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Belgian experts take on data challenges

Having been involved in storage and data management for more than two decades, Belgian experts are positioned to help tackle the challenges brought on by a growing volume of unstructured data

In 2022, IDC predicted the amount of data created on an annual basis would grow at a compound annual growth rate of over 21% to reach more than 221,000 exabytes by 2026. Keeping in mind that one exabyte is equal to one billion gigabytes, one cannot help but notice that’s a lot of data. Furthermore, IDC says that more than 90% of the data created each year is unstructured data.

Unstructured data is any type of data that does not have a specific, predefined format or structure. Unlike structured data, which is organised into tables, fields and columns, it is typically stored in a free-form or semi-structured format, such as text files, images, videos, emails, presentations, social media posts and other types of multimedia content. The percentage of unstructured data is expected to grow even more with new technology such as the metaverse and machine learning. 

But what’s being done with all the unstructured data created each year? Not enough, says Carl D’Halluin, chief technology officer of Datadobi. Created in 2010, the Leuven-based firm is now a global leader in unstructured data management. The company founders worked at EMC, which for a very long time was the leading provider of storage services and is now owned by Dell. Datadobi’s founders were all instrumental in building the world’s first commercial object storage platform, which is now called EMC Centera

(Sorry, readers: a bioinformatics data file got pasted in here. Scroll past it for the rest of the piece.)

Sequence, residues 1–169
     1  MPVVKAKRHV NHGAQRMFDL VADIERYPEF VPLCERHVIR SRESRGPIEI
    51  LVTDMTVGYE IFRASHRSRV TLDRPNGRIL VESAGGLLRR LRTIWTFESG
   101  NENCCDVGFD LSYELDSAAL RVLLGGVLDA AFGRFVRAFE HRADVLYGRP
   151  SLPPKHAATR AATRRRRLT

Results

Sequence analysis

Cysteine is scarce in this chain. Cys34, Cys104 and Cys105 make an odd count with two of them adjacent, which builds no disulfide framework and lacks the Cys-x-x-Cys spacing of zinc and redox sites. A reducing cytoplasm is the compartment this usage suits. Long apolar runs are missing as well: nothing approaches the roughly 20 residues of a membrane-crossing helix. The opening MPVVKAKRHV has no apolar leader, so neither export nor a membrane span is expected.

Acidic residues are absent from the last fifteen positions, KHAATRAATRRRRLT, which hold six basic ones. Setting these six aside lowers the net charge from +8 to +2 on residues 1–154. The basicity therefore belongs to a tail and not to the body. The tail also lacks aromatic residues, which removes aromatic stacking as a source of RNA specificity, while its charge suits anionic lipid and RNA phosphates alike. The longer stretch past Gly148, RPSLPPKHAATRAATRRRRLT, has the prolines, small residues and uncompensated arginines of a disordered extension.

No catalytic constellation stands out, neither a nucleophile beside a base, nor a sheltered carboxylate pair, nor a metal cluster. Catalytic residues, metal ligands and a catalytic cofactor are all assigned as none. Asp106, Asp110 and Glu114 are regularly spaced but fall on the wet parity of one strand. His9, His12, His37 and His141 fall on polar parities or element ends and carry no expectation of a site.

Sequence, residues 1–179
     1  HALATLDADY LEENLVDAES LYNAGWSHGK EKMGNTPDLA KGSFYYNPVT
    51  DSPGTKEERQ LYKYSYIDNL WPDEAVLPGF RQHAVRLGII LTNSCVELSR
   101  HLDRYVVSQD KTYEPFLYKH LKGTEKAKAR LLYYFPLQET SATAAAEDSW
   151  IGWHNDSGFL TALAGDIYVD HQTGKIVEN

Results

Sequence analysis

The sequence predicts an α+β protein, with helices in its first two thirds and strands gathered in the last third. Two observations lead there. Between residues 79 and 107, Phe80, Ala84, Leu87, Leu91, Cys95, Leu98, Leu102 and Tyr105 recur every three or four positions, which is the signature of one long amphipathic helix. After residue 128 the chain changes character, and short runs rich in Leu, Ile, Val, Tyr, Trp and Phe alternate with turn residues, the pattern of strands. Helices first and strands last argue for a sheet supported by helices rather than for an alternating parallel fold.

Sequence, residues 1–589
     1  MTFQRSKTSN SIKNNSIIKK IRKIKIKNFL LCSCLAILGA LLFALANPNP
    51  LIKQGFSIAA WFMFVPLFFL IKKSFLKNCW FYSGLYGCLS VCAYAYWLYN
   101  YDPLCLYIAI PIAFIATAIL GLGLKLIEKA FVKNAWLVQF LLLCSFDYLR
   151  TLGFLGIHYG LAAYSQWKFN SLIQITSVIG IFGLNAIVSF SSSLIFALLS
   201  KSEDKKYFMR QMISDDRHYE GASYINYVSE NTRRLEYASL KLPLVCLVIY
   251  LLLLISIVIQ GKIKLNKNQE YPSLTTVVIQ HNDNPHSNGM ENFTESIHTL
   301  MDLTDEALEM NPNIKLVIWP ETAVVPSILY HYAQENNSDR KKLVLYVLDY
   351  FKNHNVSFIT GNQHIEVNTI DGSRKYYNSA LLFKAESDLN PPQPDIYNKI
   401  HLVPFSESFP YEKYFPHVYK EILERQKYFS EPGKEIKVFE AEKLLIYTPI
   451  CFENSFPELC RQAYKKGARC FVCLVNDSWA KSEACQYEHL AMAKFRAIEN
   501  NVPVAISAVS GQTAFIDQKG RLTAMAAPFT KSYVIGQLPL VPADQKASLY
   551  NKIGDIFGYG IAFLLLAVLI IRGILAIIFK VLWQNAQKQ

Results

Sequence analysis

“Unstructured data is often more difficult to analyse and process than structured data, because it lacks the consistency and predictability of structured data,” he says. “However, it can also contain valuable insights and information that is not available in structured data, making it important for data analysis, machine learning and other applications. As a result, many organisations are investing in technologies that can help them better manage, analyse and make use of unstructured data.”

As D’Halluin sees it, there are four primary types of challenges with unstructured data: cost, risk, carbon footprint and value. Organisations need to understand the cost of existing data and ensure it’s stored in the optimal location or tier of storage. Data should be optimally placed on cloud or on-premise as dictated by the needs of the business. 

Risk comes in different forms. It includes hardware failure, ransomware infections, malicious or accidental deletion of data, personal data being stored along with non-business-related data, data stored beyond retention requirements, and orphaned data (data with no active owner within an organisation). The first thing needed is to gain visibility, so organisations can head off problems early.